Are High‐Protein, Low‐Carbohydrate Diets Safe?
In a review of research on low‐carbohydrate diets, Levine and colleagues found insufficient evidence to recommend for or against this approach to weight loss (7.) They note that common concerns include accumulation of ketones, abnormal insulin metabolism, impaired liver and kidney function, salt and water depletion, impaired renal function, and hyperlipidemia resulting from high fat intake. Their analysis of weight outcomes and complications was limited by small sample sizes, high drop‐out rates, short study durations, and high variability in measured outcomes. It is likely, though, that people who start a low‐carbohydrate diet do not stay on it long enough to develop serious complications, although constipation, nausea, weakness, dehydration, and fatigue are common side effects.
The Best Diet to Follow
Is there a “best” diet? If there were, we wouldn’t have so many diet books vying for our attention and money! What we know about our nutrient needs still points to the Dietary Guidelines for Americans for guidance: the best diet emphasizes fruits, vegetables, and grains—not high‐protein foods. From what we have seen in research studies, it is very difficult for individuals to stick to a particular diet, especially those diets that are most restrictive (8.) And although weight loss may be the goal of many, weight maintenance is the key to reducing the health risks of obesity. Weight maintenance requires permanent changes to eating habits and, more important, increased physical activity. The specific strategies for making those changes, and making them permanent, will vary from person to person. So, instead of a walk through the diet book aisle, save your money and improve your health with a fitness walk through the mall.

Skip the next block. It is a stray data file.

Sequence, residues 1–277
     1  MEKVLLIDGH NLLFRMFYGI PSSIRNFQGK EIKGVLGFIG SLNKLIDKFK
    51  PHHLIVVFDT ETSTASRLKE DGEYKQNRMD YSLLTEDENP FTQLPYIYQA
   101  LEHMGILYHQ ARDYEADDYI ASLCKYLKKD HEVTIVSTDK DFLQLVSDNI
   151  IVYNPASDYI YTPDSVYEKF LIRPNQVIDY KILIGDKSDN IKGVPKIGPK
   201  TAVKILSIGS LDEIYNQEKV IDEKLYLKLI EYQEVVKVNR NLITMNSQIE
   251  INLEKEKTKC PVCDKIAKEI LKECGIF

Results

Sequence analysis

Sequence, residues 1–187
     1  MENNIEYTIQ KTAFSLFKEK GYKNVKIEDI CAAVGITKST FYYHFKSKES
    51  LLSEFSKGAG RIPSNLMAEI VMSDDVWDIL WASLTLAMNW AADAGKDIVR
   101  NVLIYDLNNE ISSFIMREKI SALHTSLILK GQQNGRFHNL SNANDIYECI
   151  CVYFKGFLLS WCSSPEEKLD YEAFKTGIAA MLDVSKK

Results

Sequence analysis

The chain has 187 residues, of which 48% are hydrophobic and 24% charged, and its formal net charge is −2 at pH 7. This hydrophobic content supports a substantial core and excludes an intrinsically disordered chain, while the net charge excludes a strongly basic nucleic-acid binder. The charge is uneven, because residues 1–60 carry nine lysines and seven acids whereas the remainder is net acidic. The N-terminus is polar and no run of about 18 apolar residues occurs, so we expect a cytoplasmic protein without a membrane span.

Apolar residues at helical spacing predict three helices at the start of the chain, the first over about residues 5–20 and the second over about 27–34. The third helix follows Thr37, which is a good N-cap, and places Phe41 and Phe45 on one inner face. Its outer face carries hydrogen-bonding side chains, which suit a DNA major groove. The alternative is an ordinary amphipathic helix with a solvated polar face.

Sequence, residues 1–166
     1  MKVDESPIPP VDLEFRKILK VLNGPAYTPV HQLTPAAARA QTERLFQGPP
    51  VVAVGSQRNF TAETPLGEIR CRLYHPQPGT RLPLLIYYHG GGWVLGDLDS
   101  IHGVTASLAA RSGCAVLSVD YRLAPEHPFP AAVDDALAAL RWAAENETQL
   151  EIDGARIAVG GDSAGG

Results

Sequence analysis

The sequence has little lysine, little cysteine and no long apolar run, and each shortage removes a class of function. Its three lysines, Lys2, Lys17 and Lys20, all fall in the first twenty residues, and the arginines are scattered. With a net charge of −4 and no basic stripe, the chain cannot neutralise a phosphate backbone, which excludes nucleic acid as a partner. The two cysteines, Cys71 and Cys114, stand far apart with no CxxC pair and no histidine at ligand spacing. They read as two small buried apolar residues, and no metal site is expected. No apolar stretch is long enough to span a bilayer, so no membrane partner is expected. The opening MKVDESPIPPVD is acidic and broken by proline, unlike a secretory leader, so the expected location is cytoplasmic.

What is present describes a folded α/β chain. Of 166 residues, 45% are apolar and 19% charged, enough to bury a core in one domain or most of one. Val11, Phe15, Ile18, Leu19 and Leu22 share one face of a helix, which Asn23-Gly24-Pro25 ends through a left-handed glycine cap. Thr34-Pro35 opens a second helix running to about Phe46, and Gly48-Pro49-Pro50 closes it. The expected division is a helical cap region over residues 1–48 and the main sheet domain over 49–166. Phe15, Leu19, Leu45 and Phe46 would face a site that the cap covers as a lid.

1. Samaha FF, Iqbal N, Seshadri P, et al. A low‐carbohydrate as compared with a low‐fat diet in severe obesity. N Engl J Med. 2003;348:2074–2081.
2. Foster GD, Wyatt HR, Hill JO, et al. A randomized trial of a low‐carbohydrate diet for obesity. N Engl J Med. 2003;348:2082–2090.
3. Ware JH. Interpreting incomplete data in studies of diet and weight loss. N Engl J Med. 2003;348:2136–2137.
4. Bravata DM, Sanders L, Huang J, et al. Efficacy and safety of low‐carbohydrate diets: a systematic review. JAMA. 2003;289(14):1837–1850.
5. Dansinger ML, Gleason JA, Griffith JL, et al. Comparison of the Atkins, Ornish, Weight Watchers, and Zone diets for weight loss and heart disease risk reduction: a randomized trial. JAMA. 2005;293:43–53.
6. Buchholz AC, Schoeller DA. Is a calorie a calorie? Am J Clin Nutr. 2004;79(suppl):899S–906S.
7. Levine MJ, Jones JM, Lineback DR. Low‐carbohydrate diets: assessing the science and knowledge gaps, summary of an ILSI North America workshop. J Am Diet Assoc. 2006;106:2086–2094.
8. Dansinger, Gleason, Griffith, et al. Comparison of the Atkins, Ornish, Weight Watchers, and Zone diets.